Palme D’Or-nominated Elaine Proctor’s first novel, Rhumba, impressed with an informed portrayal of African immigrant life in North London. Her second novel, The Savage Hour,returns to her country of birth South Africa, as elderly doctor Ouma is found drowned on her homestead in rural South Africa. A reflective tale about attitudes to race, dementia, and sexuality, it is receiving recognition as a brave and important work. The Culture Trip spoke with Elaine about her craft.
You’ve previously described turning from screenwriting to novel writing for your first bookRhumba as “like coming home” but with The Savage Hour you really have returned to your homeland. How did you want to portray South Africa? What impressions did you want your readers to take away?
It was important to me that The Savage Hour told the story of a diverse range of characters within the greater South African story, those whose lives have been transformed by democratic rule, those who continue to cling to the margins of social and political prosperity and those it dispossessed. But even more important than that breadth of perspective, was the intimacy that the book endeavoured to reveal about the inner lives of the people it described; their loves, loyalties and longings. In other words I wanted to get at South Africa’s beating heart through the capacity of people under duress to find love and connection, with the land, and with one another. And finally, I was interested in the way they all responded to the death of someone they universally held dear. I guess I wanted the reader to emerge from the experience of reading the book with a sense of the authentic complications of the place but also its redemptive power.
With this setting and the portrayal of Alzheimer’s disease, which you have familial experience with, this seems a deeply personal work. Did that make it harder or easier to write than your first novel?
In some ways The Savage Hour was a harder book to write than my first novel which surprised me at first. Although the book is not autobiographical in any literal sense my personal experience with a similar context meant that the work of it becoming a mature book, required a process of separation from the specifics of my own story. For it to be an authentic novel, it had to find its own literary autonomy, and face the same demands of invention of character and narrative that face all writers of fiction. I found it challenging to do this without losing access to the emotional root that moved me to write it. What I found tremendously exciting, though, was that what emerged out of that imaginative process began to feel properly literary and very much alive.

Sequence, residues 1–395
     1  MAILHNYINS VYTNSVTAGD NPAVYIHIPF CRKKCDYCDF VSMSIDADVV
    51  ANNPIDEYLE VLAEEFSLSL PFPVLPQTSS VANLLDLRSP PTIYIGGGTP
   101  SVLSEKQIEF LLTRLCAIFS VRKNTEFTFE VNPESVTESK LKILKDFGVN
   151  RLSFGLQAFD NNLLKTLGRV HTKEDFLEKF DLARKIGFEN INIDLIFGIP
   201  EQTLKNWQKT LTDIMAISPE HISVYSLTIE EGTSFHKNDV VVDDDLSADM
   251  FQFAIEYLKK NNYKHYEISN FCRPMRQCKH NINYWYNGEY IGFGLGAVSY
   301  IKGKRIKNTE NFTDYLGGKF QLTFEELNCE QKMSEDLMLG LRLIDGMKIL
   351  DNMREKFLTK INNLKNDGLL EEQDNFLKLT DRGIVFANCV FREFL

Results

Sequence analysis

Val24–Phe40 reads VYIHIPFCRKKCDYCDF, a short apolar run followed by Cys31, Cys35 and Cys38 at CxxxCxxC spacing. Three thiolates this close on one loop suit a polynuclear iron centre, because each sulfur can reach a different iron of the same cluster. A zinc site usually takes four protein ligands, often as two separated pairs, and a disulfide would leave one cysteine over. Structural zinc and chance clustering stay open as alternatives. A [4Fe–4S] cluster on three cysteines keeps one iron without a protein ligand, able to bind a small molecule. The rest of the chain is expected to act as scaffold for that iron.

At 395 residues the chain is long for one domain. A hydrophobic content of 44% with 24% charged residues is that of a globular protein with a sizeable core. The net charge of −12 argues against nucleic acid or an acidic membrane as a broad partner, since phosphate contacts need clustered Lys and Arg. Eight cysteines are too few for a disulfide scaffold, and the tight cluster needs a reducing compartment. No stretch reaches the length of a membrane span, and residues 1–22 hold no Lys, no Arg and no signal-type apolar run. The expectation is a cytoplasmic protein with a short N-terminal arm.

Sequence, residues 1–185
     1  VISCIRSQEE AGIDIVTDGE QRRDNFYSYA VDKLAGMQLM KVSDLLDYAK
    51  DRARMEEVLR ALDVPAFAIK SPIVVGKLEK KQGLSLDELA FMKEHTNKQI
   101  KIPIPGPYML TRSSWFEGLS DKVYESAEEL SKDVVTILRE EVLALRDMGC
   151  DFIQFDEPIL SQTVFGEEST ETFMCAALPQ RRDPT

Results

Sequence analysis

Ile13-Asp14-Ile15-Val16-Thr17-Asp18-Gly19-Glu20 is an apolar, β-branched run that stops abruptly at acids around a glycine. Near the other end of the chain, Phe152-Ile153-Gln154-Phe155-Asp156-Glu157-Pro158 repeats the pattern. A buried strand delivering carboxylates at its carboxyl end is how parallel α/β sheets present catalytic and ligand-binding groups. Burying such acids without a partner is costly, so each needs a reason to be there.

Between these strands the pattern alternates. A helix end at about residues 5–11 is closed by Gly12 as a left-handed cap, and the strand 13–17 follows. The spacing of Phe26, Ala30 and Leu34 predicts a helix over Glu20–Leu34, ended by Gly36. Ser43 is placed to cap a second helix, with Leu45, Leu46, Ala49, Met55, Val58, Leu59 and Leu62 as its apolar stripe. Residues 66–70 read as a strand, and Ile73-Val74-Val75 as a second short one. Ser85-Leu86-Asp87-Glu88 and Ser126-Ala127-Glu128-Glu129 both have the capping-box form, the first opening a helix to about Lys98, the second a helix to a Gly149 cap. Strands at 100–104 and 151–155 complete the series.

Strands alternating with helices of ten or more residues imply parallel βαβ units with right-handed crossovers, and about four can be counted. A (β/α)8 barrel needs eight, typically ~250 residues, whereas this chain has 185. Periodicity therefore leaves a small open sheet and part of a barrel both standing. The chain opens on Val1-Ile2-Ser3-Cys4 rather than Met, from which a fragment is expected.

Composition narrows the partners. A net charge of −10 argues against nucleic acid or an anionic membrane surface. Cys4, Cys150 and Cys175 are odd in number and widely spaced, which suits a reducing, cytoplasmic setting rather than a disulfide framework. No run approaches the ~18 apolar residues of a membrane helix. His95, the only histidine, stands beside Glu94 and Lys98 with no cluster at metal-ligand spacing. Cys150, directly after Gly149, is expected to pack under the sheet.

Did you feel a sense of responsibility in portraying Alzheimer’s Disease and its effect on loved ones? Did the process of writing about it change your outlook at all?
Yes, I think writing about a condition that affects many people requires a different kind of care. But that doesn’t mean one is compelled to skirt the complex issues associated with this tragic condition. On the contrary, I felt it necessary to treat it with near skinless honesty. I wept for my mother as I described some of the scenes of bewilderment and despair I had seen her experience and I knew that they would resonate for others who had witnessed the same. To simply bear witness to the real agony of the disease, the degree of suffering that the Alzheimer’s patient experiences and is unable to express, the thousand little deaths of memory and selfhood that assail them every day, the fear and anxiety that their loss of capacity brings with it. It also became, as I worked, part a metaphor for someone who was no longer able to comprehend the meaning of her contemporary political and social reality. I felt it crucial to broach the question of an individual’s right to die, even though that was not something my own family could navigate with much openness. It is an important conversation for us to have as a culture, and we are late to the table.
Aside from your mother, are any other characters in the novel inspired by real life people?
None of the characters in The Savage Hour are based on any actual individuals. But certainly some of their characteristics, their strength, weaknesses or fears, may have been seeded by an insight into or experience of people and events that I have known. In truth, the business of writing a book means that, at best, something happens to what you know, something mysterious that transforms it into something greater than your own individual understanding. It is what we, as writers, hope for.
In your film work and so far in your novel writing you are not shy in tackling social issues and depicting the darker side of society. Here you deal with racial divides, sexuality and mental health. How important is it to you that your fiction writing addresses such ideas? What are the differences you have found between portraying social issues in film form and in literary form?